Basic Metal Detecting Techniques - How to Get the Most from your Sites!

30 Nov 2016

Swinging Techniques

Some machines have faster processors than others. Typically, the higher-end machines are able to process more ground, faster. Obviously, whipping your detector around at light speed won’t yield great results in an iron-infested site, but if you’ve got a vast area of open space with little to no targets, a faster swing speed will offer you the ability to cover more ground in search for hot spots (places with tons of signals indicating substantial human activity).

Wherever you’re swinging, slow or fast, be sure to overlap your swings. Overlapping your swings will offer the greatest amount of coverage per footstep and ensure that you’re not walking over items and missing them by mere inches. The two biggest mistakes I see beginners making are: not keeping the coil to the soil and not overlapping. You can typically spot a newbie straight out the gate by how big of an invisible smiley face they’re drawing with their pendulum-like swing pattern. It’s the type of pattern where the coil swings from hip level down, making contact with the ground for half a second before swinging back to the opposite hip. Meanwhile, they’ve taken three giant steps, bypassing everything in between coil contact to coil contact. Don’t be that person! Keep the coil to the soil and overlap those swings! When you’re on a hot spot, slow down! Concentrate on really overlapping. If you’ve got one, consider putting on your smallest DD coil. This will help you separate the signals and isolate the good targets from the bad. For all intents and purposes, there should be a direct correlation between your swing speed and the number of targets in the ground, the number of obstacles on the surface, and the type of machine you’re running.


Once you’ve found an awesome spot that has produced a couple of cool coins, relics, nuggets, or other treasures, you’re going to want to grid the area for more. There are a few different methods to gridding, but all of them should essentially have the same end result—covering every square inch of high-yielding ground. This can be as simple as walking back and forth in straight lines while looking for your footprints or as precise as using GPS tracking on machines like the Minelab CTX 3030 or GPZ 7000. It should be noted that simply gridding a piece of ground forward and backward isn’t good enough. You should hit it up, down, sideways, and diagonal, and then do it again in reverse. Some targets simply won’t make a peep if approached from one direction, but will scream from another. This is usually because of the target’s orientation in the ground and/or its relation to other targets in close proximity. Gridding the area from multiple directions will ensure you’ve given those targets ample opportunity to sound off. Some of the best things I’ve found have been targets that I’ve hit from the north, south, and east but didn’t beep until hitting them from the west. If I would have given up, I would have missed out big time!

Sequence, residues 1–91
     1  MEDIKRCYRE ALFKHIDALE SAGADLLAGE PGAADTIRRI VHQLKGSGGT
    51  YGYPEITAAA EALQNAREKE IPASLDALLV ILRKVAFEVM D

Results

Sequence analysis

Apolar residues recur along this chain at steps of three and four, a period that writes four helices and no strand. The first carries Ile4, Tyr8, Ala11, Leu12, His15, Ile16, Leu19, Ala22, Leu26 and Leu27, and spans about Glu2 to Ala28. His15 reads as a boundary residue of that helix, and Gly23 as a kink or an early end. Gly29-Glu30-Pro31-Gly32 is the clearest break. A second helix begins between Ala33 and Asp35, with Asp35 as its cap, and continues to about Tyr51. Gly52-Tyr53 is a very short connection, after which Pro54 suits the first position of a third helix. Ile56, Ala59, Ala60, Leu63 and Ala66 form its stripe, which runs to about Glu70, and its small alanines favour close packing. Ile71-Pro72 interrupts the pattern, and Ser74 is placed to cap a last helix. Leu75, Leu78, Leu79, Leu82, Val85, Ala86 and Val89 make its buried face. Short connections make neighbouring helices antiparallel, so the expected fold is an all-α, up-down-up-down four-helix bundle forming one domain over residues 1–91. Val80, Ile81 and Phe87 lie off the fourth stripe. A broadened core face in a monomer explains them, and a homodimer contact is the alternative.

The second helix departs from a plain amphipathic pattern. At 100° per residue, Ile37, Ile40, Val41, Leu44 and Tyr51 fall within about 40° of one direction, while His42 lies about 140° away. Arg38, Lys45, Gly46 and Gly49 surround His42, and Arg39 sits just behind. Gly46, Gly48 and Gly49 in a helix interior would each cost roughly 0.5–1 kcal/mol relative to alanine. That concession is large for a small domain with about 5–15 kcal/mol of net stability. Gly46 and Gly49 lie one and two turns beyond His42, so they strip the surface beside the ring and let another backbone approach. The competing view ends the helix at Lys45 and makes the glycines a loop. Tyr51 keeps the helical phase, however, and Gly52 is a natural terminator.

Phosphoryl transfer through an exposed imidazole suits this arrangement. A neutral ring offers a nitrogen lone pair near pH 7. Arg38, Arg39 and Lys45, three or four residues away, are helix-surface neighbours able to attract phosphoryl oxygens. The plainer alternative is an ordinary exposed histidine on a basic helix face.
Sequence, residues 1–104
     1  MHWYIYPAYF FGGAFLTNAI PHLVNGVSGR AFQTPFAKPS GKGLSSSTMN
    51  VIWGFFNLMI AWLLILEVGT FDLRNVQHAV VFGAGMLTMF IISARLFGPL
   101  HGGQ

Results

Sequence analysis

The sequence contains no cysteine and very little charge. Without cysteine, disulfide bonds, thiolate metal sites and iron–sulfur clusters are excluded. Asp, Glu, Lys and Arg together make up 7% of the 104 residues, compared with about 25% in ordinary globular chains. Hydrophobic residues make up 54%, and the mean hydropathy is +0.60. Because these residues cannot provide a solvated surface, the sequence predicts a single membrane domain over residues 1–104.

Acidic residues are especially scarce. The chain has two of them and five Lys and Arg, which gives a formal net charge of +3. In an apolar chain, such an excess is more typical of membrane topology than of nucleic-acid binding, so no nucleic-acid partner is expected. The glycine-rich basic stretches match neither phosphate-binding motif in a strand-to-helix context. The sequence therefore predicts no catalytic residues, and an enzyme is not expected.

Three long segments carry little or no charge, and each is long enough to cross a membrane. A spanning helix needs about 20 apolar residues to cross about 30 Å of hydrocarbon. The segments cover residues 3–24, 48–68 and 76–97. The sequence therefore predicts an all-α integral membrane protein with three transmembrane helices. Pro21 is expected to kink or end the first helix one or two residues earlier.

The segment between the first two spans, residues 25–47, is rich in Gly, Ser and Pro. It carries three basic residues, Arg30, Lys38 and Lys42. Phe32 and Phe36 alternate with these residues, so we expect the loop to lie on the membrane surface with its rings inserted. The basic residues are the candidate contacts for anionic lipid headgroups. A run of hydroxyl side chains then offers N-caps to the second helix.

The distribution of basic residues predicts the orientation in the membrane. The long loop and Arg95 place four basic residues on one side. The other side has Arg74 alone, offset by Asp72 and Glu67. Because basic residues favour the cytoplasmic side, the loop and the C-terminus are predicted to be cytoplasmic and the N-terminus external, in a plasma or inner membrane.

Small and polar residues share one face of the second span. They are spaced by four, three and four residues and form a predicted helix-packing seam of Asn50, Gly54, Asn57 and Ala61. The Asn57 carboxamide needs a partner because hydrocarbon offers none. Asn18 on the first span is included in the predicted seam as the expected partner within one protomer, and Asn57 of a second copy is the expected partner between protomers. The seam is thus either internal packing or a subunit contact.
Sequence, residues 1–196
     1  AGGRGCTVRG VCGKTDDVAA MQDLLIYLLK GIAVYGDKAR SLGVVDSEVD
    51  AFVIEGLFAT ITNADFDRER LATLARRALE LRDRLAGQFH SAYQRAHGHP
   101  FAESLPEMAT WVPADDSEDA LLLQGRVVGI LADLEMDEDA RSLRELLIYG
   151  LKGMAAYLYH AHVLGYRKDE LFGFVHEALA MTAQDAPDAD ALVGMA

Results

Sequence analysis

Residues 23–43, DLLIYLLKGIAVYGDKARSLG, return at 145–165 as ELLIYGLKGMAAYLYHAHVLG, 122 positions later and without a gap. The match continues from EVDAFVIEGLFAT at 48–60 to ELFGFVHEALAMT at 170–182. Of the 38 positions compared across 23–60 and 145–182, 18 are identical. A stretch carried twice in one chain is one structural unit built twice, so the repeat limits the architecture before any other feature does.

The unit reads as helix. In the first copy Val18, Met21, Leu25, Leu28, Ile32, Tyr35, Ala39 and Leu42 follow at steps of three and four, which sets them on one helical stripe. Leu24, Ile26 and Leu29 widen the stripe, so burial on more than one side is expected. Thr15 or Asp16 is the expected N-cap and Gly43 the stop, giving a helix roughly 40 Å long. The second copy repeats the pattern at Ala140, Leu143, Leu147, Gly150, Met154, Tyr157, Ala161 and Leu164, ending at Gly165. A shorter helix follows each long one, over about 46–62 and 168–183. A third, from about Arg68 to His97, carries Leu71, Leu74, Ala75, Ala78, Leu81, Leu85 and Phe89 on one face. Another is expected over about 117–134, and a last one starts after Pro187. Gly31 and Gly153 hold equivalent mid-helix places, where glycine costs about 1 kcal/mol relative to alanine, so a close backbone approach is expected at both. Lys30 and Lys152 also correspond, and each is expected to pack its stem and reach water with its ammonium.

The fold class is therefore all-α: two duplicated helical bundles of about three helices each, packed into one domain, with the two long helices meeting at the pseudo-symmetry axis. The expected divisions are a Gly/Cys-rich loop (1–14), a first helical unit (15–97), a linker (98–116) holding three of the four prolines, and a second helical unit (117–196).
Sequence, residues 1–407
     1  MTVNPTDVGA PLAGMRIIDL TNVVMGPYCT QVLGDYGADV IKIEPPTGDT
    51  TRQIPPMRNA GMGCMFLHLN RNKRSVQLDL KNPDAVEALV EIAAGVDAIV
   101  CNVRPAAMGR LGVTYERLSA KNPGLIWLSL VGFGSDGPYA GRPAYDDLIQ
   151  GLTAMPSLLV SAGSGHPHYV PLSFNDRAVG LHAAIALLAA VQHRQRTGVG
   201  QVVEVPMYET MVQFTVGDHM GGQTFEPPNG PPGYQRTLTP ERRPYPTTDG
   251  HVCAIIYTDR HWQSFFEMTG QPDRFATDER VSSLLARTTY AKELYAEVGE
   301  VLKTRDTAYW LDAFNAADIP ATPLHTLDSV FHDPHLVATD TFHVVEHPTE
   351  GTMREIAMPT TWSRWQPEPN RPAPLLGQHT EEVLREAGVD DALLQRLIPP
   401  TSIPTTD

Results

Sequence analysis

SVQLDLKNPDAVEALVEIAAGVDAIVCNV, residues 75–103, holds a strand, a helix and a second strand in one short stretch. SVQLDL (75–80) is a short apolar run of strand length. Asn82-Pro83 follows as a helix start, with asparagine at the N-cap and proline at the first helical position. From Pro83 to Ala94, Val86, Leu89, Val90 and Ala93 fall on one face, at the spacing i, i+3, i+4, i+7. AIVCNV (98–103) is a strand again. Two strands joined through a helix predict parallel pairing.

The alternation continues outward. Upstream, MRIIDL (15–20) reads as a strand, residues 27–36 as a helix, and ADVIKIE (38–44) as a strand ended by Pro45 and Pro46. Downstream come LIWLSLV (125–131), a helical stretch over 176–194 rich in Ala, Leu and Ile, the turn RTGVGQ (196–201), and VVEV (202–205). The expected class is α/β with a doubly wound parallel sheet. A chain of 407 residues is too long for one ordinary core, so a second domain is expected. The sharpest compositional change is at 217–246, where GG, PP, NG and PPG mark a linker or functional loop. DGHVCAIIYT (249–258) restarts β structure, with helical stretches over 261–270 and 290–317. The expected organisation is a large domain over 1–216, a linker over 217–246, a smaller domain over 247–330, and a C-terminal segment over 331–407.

For a more in depth look at metal detecting techniques, check out my book “The Metal Detecting Bible” available here.

Thanks! Now… Let’s get lost!

Brandon “Dr. Tones” Neice 


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